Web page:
My theatrical background comes from a strong training in the Viewpoints and the Suzuki Method of Actor Training. Suzuki Training provides a structure for artists to train basic and essential performative issues. The Viewpoints relies on structured improvisation. Both techniques give artists the tools and the ability to create work quickly without sacrificing specificity. For me, this connected to Ginsberg's own methodology of writing, “first thought best thought”, which is less random and anarchic as it might sound at first to the ear. Ginsberg's rapid fire production of language does not come without years of meditation. On the contrary, it includes years of history, discipline, and preparation that finally allow the inspiration to flow freely. It has a lot to do with timing and circumstances. A delicate balance, to be sure.

When I first read "Kaddish", I was honestly not ready to make this piece. I was aware that the idea needed to gestate, and I needed to grow. I needed to experience my own loss, as we all inevitably do, in order to bring something to the table.

In 2009, we finally began workshopping the material in a whirlwind 2 week process. While not as brief as the 36 hours Ginsberg took to compose the original text, 2 weeks is still extremely limited in the world of theatre. However, the opportunity allowed myself and our talented team of collaborators (director Kim Weild, sound designer Darron L West, scenic designer Nick Vaughan, lighting designer Brian H Scott, projection designer C. Andrew Bauer, and costume designer Terese Wadden) to work intuitively and instinctively. Inspired by what Allen remarked as “years of preparation but only seconds to execute”, we worked fast on our feet. By that point, the research had been done and Ginsberg had already provided the detail. There was no time to be heady. We worked quickly, trusting out hearts, listening to the room, allowing all the gestating ideas to unfold freely while making bold strokes on the canvas. Our structure was Allen’s poem. Without editing or deconstructing, we retained every word of the text in the order as it was published. This allowed Ginsberg’s words to stand on their own. They are vivid, dense, and powerful. Our job was to meet the poetry every step of the way. Therefore, we concentrated on cultivating a physical environment, discovering an emotional journey, and creating an aural and visual landscape to stand up to Ginsberg’s language. It meant putting the story back into the heart and mind of a solo character. (It is after all one man’s story from one man’s point of view--a dark night of the soul and an exorcism of memory.)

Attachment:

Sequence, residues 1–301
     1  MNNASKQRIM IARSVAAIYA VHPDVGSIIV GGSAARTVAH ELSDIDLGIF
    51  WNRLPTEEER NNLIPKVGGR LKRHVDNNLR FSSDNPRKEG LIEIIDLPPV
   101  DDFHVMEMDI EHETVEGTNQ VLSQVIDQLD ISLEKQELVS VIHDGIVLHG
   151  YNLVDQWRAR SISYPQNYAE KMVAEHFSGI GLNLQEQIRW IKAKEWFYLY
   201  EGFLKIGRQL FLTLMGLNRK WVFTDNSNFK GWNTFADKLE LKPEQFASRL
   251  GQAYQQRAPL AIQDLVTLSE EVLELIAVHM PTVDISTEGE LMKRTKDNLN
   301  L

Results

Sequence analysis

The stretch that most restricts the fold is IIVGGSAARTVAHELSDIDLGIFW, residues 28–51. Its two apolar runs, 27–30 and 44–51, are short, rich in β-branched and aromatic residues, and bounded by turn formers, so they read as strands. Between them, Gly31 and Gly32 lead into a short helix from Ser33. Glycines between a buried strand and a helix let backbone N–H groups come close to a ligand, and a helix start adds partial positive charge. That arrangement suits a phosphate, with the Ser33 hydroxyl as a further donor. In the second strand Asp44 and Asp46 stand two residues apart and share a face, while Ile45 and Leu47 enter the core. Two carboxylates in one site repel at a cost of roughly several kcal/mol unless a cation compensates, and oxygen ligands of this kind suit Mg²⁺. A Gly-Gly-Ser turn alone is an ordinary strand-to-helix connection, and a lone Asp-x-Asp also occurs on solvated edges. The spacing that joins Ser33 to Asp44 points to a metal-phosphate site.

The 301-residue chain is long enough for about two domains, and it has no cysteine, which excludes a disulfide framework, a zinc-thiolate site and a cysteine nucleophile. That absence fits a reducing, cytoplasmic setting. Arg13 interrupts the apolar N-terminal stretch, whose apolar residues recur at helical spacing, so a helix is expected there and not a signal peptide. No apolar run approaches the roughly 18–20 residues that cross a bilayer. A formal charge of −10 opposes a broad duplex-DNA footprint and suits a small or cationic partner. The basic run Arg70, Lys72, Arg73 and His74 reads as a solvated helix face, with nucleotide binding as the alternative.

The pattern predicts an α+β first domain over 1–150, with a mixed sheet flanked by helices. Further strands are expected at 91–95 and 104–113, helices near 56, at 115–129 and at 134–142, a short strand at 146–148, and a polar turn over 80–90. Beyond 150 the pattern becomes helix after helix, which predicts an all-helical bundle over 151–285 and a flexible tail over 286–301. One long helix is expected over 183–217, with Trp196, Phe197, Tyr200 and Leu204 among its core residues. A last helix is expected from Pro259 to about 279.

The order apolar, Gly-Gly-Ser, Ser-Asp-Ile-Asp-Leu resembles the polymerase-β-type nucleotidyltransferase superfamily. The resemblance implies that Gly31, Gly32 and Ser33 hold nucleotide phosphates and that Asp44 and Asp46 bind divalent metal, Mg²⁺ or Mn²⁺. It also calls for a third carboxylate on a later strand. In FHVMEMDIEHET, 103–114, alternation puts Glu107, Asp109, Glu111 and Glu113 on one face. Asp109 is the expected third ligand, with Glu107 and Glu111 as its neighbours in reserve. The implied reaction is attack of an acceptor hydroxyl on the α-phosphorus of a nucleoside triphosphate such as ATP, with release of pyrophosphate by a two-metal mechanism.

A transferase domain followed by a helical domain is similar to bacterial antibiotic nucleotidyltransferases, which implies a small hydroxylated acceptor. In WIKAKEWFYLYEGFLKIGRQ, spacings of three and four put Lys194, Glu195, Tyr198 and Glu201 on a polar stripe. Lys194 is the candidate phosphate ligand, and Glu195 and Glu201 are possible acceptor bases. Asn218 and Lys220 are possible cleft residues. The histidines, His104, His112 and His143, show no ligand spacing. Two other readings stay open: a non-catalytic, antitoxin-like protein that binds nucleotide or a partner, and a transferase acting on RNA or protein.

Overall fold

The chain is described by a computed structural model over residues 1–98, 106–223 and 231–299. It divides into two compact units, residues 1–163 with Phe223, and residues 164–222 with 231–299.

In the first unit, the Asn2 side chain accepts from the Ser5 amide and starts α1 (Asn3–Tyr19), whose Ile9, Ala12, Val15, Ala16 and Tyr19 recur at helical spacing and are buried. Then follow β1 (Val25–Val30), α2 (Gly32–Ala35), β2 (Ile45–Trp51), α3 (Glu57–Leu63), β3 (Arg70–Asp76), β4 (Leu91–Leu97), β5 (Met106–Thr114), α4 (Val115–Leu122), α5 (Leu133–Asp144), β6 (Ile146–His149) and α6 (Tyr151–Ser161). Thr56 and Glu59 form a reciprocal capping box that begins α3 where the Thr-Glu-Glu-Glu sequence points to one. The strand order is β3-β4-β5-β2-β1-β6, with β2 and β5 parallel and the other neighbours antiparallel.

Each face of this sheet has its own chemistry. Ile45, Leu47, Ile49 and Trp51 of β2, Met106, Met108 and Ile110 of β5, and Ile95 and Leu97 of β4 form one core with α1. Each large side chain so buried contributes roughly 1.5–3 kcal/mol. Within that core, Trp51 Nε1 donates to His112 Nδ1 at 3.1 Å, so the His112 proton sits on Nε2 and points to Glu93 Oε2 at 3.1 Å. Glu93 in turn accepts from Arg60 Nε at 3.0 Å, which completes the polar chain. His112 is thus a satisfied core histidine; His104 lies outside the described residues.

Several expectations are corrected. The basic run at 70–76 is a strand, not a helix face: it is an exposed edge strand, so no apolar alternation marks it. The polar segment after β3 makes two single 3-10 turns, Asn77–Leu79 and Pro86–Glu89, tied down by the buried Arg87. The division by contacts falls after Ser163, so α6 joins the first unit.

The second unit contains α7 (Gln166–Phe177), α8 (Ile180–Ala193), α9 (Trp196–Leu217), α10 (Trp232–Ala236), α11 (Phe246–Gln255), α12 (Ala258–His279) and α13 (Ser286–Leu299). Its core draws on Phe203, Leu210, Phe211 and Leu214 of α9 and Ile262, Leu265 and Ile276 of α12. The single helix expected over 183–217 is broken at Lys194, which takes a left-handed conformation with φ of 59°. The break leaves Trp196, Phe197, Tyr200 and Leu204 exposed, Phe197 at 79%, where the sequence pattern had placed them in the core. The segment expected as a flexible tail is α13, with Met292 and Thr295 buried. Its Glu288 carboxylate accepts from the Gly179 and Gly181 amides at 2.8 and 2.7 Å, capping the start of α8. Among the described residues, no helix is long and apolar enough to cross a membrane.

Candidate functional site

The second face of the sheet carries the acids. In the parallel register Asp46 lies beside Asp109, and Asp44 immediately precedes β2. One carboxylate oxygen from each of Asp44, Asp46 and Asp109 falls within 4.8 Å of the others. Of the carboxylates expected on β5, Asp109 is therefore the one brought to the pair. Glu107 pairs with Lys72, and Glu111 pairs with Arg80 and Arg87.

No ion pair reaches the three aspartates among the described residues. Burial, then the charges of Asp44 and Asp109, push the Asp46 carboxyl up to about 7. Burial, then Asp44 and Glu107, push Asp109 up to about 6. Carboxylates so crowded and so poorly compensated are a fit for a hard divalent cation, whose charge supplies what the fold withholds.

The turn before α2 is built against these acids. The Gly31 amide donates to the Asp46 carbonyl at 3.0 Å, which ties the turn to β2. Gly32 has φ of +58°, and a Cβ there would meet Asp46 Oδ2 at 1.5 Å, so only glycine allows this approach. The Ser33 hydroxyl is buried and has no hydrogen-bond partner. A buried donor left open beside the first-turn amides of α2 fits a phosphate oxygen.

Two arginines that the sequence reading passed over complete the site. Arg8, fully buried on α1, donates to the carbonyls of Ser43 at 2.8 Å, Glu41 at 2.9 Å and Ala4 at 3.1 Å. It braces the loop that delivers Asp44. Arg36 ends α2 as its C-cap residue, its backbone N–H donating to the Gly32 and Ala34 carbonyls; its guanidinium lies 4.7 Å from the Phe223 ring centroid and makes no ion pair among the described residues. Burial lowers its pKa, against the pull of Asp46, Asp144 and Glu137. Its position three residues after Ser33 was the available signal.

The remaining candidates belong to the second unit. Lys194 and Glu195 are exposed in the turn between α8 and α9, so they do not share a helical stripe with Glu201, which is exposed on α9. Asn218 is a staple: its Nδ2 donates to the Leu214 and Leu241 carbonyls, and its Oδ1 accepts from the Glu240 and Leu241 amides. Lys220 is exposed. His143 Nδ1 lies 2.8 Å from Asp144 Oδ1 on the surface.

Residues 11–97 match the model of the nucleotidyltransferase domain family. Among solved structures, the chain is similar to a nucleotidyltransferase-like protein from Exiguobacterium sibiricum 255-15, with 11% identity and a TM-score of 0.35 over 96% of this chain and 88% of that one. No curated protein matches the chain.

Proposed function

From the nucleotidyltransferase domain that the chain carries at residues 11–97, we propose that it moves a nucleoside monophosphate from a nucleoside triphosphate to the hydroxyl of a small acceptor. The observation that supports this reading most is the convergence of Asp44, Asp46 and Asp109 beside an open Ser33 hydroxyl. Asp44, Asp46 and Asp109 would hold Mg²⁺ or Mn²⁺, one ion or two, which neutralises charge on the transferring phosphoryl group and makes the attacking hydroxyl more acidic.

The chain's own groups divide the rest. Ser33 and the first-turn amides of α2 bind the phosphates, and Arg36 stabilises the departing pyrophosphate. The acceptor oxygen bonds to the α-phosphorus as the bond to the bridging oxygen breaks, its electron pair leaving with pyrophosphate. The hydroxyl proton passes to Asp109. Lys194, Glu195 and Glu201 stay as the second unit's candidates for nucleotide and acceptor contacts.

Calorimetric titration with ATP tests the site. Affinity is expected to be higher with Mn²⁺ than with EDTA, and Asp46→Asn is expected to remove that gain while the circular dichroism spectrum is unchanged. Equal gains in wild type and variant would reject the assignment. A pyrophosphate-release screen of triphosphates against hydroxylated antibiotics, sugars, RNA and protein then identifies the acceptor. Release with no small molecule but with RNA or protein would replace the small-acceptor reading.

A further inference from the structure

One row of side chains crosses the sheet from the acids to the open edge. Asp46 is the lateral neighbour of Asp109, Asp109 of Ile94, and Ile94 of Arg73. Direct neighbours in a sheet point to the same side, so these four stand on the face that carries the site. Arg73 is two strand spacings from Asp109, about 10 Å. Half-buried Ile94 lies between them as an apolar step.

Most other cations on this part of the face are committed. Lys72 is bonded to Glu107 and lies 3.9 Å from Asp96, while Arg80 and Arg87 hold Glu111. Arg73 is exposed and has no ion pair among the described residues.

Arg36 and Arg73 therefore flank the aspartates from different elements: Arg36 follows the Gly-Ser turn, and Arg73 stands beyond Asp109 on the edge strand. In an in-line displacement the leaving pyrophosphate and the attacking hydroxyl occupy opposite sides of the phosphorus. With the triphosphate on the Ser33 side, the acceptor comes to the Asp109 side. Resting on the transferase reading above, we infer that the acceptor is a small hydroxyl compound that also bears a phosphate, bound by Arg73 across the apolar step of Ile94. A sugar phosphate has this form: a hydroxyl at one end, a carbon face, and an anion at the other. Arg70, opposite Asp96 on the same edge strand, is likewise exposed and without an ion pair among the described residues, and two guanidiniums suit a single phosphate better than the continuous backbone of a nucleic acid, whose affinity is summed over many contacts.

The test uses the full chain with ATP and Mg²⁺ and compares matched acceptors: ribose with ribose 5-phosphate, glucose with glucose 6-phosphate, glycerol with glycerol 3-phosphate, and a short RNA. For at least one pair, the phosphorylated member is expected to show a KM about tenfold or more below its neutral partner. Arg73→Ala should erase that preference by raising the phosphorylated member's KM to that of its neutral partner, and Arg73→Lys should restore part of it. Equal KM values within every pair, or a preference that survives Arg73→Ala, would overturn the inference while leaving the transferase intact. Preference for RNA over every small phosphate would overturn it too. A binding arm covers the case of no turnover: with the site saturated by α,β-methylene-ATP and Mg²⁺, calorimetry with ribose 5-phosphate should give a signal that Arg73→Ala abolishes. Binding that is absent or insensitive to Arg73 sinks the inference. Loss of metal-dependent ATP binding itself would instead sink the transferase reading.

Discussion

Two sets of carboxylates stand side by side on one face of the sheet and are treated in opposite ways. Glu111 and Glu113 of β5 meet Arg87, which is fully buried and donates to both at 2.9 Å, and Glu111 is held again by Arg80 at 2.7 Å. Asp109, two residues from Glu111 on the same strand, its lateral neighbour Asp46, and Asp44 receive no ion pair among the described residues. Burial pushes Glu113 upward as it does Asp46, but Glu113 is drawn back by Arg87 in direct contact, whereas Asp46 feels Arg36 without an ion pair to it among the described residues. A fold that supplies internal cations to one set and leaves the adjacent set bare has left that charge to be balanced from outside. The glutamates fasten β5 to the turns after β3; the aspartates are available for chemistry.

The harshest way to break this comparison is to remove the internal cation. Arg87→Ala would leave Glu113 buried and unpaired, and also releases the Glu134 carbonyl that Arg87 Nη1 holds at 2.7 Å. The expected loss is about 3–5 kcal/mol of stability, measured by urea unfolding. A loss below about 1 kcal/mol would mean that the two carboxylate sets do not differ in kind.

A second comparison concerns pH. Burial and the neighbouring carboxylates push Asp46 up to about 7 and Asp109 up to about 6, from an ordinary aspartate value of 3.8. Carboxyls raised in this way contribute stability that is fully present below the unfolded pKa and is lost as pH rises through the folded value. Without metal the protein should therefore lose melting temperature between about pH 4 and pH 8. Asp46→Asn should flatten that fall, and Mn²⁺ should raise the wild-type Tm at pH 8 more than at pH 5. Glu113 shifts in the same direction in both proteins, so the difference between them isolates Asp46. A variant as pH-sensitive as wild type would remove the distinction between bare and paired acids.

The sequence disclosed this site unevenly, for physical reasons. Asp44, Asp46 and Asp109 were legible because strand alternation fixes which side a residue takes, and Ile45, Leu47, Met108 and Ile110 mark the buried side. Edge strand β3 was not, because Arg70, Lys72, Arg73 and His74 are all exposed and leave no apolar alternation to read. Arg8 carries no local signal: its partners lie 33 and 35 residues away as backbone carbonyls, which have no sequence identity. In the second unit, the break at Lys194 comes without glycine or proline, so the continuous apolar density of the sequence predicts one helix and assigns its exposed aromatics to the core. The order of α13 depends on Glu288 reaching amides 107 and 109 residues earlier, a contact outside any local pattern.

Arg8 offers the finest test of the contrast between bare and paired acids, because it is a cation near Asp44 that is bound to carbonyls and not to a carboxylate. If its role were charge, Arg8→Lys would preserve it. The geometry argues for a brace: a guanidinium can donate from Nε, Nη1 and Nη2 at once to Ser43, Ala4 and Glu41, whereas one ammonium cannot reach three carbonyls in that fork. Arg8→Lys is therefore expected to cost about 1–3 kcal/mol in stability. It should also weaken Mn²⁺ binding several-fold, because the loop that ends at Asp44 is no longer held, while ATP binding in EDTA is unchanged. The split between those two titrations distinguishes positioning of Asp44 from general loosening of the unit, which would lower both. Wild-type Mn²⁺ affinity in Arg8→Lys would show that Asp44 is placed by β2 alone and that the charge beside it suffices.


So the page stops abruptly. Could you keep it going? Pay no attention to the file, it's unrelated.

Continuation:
In truth, "Kaddish" was not written as a play; and yet, “Kaddish (or The Key in the Window)” is not a poetry reading either. It is my belief that Theatre is a journey and often a poetic one at that. As Allen's father Louis, who was also a poet in his own right, once told Allen "there are many mansions in the House of Poetry". I also believe there are many mansions in the House of Theatre as well. I believe in Theatre as a space to take an audience on a journey. Sometimes the journey is entirely about a great plot, or of a theme, or of characters in conflict, or of an emotional response. But whatever the hook, the experience for the audience is still that of a journey nevertheless.

“Kaddish (or The Key in the Window)” has already provided for me a unique collaboration between Theatre and Poetry, and a fitting beginning for The Adaptations Project. I hope you will journey with us.

Tickets are ON SALE at
Sept 29 - Oct 9 at the 4th Street Theatre, NYC
- Donnie Mather
Note: This blog was previously posted in another form during the 2009 Workshop.

Thursday, September 1, 2011

Life & Art mix Unexpectedly

I write this entry today during the first week back in rehearsals for "Kaddish (or The Key in the Window)" based on the poem by Allen Ginsberg directed by Kim Weild. Our premiere later this month will mark the 50th Anniversary of the poem's publication. The poem's title comes from the traditional Jewish prayer for the dead, particularly of a parent. Allen lost his mother Naomi at the height of his fame with "Howl". The Kaddish was not said at her grave because they did not have a minion of 10 men to bear witness. Allen wrote his elegy to Naomi 3 years after her passing.

Since our initial workshop of this play 2 years ago, my father passed away a year ago in August. The experience of the play, the research of the tradition and ritual of observing such an occasion was swirling in my head. My father while fairly healthy in this elder years, fell out of his bed and suffered a severe subdural hematoma. Within several hours, he was taken to hospital and within the following hour rushed to a specialized hospital to undergo emergency brain surgery to relieve the swelling. But it was clear that his condition was worse and that the damage was fatal. He was left in a coma.